Michael suffered brain hemorrhaging, retinal hemorrhaging and brain swelling. He was rushed to Minneapolis Children's Hospital. He was resuscitated and received emergency brain surgery.
"The effects of this intolerable act are forever lasting," Angela said.
As an advocate who has spoken out against this shaken baby syndrome, Angela works to remind parents and those who work in day care about shaken baby syndrome.
"If it happened to us — it is something you never think about happening and you hear about it in more poverty stricken areas but you never think it would happen in middle-class areas," Angela said.
Angela said her family pressed charges against the child care provider. After a year and a half fighting in court, the former day care provider served six months in jail, even though Minnesota state guidelines called for a harsher sentence of 87 months, Angela said. The former day care provider is on probation for 20 years.
Speaking out at advocacy workshops, Angela wants all to understand and be aware of the real dangers from shaken baby syndrome and it is 100 percent preventable.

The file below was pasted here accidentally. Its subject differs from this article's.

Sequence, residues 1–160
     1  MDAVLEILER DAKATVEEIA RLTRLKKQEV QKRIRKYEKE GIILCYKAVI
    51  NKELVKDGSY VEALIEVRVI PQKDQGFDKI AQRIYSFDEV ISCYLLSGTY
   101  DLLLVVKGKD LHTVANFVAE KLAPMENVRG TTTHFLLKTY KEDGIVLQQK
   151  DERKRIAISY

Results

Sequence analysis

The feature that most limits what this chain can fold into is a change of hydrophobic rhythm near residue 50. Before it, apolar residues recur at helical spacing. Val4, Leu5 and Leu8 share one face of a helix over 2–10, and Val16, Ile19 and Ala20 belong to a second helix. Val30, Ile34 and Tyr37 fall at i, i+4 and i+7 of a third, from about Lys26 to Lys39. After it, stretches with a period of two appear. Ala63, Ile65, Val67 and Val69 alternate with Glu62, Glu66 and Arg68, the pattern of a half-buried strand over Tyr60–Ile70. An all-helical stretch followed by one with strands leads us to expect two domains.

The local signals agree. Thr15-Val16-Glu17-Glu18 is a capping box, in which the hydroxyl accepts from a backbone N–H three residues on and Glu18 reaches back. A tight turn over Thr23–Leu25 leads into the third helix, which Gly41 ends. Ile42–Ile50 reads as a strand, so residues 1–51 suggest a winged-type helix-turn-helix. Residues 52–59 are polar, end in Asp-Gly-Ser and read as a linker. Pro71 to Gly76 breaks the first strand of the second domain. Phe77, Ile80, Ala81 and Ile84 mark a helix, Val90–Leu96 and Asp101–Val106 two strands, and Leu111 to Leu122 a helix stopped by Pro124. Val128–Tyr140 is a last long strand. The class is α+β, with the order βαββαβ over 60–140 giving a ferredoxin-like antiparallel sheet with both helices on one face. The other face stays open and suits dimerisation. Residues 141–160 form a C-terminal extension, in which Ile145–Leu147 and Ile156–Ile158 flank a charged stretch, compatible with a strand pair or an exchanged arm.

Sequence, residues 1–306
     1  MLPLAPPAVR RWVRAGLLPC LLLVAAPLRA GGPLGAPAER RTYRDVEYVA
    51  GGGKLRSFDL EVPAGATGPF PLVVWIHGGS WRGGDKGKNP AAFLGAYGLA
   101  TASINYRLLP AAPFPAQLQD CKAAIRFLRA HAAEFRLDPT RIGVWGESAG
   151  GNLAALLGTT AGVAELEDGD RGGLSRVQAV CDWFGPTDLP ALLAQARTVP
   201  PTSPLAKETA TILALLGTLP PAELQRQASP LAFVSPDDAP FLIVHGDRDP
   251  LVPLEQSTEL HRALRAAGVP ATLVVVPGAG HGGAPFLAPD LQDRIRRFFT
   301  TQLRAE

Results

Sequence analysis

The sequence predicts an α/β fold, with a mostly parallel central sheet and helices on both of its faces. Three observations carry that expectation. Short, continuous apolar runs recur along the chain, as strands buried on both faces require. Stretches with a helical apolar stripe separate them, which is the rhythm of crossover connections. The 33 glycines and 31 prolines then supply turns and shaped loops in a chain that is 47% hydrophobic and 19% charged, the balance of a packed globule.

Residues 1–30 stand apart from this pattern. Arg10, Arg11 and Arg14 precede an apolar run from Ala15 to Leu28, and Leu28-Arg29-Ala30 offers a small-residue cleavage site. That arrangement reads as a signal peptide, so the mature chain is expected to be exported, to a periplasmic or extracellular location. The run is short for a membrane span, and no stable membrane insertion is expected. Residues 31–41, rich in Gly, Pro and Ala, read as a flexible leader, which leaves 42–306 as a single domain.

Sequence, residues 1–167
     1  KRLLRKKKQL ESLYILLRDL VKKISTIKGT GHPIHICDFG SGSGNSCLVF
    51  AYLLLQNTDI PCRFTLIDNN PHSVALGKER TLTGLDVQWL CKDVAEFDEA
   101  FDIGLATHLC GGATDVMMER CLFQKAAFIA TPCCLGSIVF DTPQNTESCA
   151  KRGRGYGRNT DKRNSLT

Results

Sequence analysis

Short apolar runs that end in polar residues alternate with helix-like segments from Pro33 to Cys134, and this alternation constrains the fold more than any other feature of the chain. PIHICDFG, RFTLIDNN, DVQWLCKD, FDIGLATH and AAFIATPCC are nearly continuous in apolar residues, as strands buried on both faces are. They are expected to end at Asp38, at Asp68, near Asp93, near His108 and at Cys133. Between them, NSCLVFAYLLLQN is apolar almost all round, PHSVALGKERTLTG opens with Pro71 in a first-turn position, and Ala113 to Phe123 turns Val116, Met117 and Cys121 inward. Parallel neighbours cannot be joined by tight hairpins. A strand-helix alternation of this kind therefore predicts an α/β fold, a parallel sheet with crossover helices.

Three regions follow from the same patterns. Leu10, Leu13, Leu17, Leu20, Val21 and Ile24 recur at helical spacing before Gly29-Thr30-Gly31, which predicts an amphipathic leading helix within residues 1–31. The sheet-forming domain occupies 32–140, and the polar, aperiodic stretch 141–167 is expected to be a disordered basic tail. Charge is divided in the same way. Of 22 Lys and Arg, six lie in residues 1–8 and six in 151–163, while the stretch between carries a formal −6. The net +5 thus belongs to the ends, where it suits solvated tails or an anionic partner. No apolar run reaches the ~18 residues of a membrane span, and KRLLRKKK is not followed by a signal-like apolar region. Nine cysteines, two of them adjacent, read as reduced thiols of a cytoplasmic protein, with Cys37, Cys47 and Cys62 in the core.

As a happy teenager, Michael appears strong and healthy. He lives with a shunt or medical device inside his head that relieves pressure on his brain caused by fluid accumulation.
"He has repercussions today with his vision and field cuts and he has severe brain damage and is paralyzed on the left side," Angela said. Michael is able to walk after many years of therapy. He can write with his right hand and has needed multiple surgeries. As a baby, he fought for his life for one month at Children's Hospital.
Michael owns a cool scooter and an adaptive bicycle. He is very competitive and has fun playing air hockey with his mom at a table set up in the family's upstairs home. It can be tricky for him to gather enough strength in his left leg to propel his bicycle.